Posted: Tue Jul 21, 2009 3:49 pm Reply with quote
Frequent contributor Joined: 24 Oct 2005 Posts: 1262
When you convert back to .rec do you get the original header info back, or is it lost?

What flavour of MPC are you using, and how did you get it to play TS files properly, mine won't play TS.

I would be happy to host your program if you don't get a better offer.

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Toppy conversion scripts to convert toppy recordings to other formats.
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R2-D2
Posted: Tue Jul 21, 2009 4:22 pm Reply with quote
Frequent contributor Joined: 18 Dec 2006 Posts: 12148
SonicLife wrote:
What flavour of MPC are you using, and how did you get it to play TS files properly, mine won't play TS.
You'll need the DirectShow plugin HDTV Pump.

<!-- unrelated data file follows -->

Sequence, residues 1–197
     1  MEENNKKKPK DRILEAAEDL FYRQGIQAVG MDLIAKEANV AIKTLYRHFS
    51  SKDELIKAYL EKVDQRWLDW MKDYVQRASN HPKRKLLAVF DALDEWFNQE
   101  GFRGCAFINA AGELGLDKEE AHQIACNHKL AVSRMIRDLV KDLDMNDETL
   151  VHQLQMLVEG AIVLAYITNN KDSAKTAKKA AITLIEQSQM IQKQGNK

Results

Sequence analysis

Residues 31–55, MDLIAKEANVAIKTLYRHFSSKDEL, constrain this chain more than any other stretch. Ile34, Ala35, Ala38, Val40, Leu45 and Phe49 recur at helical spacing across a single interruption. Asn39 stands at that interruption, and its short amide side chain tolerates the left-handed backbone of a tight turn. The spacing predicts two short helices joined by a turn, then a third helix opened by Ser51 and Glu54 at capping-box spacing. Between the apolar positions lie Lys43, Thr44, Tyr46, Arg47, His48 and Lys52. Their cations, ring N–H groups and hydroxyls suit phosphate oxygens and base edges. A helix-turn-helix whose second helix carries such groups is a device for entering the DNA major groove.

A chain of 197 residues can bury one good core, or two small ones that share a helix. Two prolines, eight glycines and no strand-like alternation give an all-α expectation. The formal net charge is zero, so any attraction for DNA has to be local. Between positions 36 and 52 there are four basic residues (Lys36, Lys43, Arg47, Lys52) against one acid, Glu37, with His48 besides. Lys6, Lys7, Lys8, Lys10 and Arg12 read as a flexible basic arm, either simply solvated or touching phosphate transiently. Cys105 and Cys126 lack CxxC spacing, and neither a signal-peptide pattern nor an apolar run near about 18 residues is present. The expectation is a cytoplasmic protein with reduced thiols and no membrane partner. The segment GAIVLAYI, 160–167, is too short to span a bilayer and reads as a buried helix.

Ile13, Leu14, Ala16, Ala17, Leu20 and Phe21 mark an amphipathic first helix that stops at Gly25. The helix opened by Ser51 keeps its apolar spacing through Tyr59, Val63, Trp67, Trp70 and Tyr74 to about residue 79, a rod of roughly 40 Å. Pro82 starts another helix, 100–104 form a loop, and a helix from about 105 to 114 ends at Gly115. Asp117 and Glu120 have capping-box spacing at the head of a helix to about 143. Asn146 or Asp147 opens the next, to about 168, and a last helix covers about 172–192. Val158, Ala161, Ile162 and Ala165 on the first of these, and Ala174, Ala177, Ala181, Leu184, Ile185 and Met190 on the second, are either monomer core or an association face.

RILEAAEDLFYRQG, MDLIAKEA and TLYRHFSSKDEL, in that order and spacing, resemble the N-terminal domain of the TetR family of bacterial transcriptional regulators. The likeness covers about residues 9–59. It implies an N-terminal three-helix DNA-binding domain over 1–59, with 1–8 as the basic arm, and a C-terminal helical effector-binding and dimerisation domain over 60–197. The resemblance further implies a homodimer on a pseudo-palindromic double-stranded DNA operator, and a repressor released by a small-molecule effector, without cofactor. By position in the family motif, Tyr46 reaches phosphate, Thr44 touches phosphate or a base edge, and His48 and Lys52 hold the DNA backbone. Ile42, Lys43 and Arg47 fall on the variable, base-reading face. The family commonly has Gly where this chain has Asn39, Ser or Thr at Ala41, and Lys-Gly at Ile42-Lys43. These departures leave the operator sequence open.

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jof
Posted: Wed Jul 22, 2009 4:21 pm Reply with quote
Joined: 03 Mar 2009 Posts: 24
Quote:
Now I hope I'm not treading on anyone elses toes...
Based on all the information here (thanks to all), I've written a small Windows command line program for the sole purpose of instantaneously (nearly) converting my .rec files to TS so that I can play them in Media Player Classic and then convert back again if needed.
The conversion direction is simply based on the file extension.

The TS file retains all information overwritten by sync bytes in the zero padding so that the second conversion produces the exact same file as the original. It works with files > 2GB on my WinXPPro.